Exploring Practical HPC Potential

The practical application of HPCs in the federal government are seemingly endless. “Anywhere there are large quantities of data, there’s a use case for HPC,” Chehreh says. “Federal use cases of HPC range from R&D in driverless vehicles to high-tech hospitals that can help in the battle against opioids and improve drug effectiveness, and identifying patterns that can help the Department of Homeland Security reduce the trafficking of people and drugs.”

Additionally, Chehreh says, HPCs have the potential to save federal employees as much as 30 percent of working time — the equivalent of 1.1 billion working hours over the next five to seven years.

These are big performance shoes to fill, but government agencies are already stepping up to the challenge. Work at the Argonne Leadership Computing Facility and the Los Alamos National Laboratory Parallel Reconfigurable Observation Environment is developing HCP frameworks designed to speed the pace of discovery and innovation across federal agencies.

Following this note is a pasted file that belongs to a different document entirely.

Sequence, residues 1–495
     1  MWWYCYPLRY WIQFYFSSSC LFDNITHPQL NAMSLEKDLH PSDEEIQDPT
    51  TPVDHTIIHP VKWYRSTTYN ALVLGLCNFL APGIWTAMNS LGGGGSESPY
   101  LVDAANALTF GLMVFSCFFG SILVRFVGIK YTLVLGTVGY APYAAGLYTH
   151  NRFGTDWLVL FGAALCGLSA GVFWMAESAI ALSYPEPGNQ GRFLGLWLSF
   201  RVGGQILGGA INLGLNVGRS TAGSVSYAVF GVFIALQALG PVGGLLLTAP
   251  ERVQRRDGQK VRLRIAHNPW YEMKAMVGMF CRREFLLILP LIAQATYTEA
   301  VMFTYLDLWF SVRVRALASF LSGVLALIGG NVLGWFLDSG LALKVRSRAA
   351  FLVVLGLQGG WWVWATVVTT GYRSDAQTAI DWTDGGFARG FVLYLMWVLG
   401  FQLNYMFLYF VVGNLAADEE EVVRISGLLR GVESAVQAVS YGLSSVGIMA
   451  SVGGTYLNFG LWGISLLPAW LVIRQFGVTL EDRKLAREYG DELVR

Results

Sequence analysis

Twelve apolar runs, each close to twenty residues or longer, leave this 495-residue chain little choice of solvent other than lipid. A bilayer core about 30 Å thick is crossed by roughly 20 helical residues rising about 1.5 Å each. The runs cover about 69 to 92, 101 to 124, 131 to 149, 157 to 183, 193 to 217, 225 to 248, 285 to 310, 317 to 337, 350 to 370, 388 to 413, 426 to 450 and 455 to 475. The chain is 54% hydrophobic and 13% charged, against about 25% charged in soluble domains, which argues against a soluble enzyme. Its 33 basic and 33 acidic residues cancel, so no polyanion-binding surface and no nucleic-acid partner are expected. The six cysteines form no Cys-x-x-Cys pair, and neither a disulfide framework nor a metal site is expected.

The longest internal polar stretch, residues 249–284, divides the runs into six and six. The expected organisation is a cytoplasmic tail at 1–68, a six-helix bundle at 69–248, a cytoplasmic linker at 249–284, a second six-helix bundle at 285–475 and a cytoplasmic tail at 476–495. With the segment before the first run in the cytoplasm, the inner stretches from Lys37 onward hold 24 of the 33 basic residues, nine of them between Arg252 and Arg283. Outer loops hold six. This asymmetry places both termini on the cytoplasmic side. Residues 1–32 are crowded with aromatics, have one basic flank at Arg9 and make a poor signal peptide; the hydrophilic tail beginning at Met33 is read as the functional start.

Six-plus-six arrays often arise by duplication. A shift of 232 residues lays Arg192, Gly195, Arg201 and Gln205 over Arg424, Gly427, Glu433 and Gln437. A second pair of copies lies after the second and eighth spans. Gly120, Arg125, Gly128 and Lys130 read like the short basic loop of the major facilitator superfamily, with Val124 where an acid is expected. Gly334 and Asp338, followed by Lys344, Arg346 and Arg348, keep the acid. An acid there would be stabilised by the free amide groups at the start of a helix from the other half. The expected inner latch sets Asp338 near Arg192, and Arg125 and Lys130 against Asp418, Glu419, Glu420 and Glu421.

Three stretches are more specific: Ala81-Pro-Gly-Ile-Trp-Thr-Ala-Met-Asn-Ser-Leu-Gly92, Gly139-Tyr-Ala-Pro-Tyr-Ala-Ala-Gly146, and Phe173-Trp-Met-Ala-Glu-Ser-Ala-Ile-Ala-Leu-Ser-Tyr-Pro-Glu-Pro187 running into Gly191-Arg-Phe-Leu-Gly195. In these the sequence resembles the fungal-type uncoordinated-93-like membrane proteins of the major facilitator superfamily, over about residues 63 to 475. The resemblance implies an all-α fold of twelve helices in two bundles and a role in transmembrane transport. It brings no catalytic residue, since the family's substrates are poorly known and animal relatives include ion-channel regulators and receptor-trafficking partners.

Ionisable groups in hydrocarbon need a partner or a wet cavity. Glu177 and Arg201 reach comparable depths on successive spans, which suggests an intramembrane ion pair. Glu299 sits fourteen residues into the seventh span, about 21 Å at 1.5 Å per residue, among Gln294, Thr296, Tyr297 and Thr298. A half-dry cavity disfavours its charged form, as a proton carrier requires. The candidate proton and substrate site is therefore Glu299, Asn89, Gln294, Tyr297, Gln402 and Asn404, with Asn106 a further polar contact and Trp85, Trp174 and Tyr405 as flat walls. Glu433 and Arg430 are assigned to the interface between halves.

The Energy Department is also leveraging HPC to help ramp up research initiatives. “When solving for the next generation of energy efficiency or nuclear advancement,” Chehreh says, “that research is completed on HPC clusters. HPC allows scientists to solve for advanced complex calculations in reasonable amounts of time to advance science.”

Other HPC applications include use in healthcare to help sequence the human genome, advance the development of drug treatments and — not surprisingly — respond to the coronavirus pandemic.

Early on in the pandemic, says Chehreh, the White House launched the COVID-19 HPC Consortium. Fighting COVID-19, he notes “has required extensive research in areas like bioinformatics, epidemiology and molecular modeling to understand the threat and to develop strategies to address it.”

For federal agencies, high-performance computing offers a way to combine existing and cutting-edge technologies into a cluster-based, computational whole that significantly increases processing speed, reduces IT waste, enhances data throughput and helps streamline long-term spending.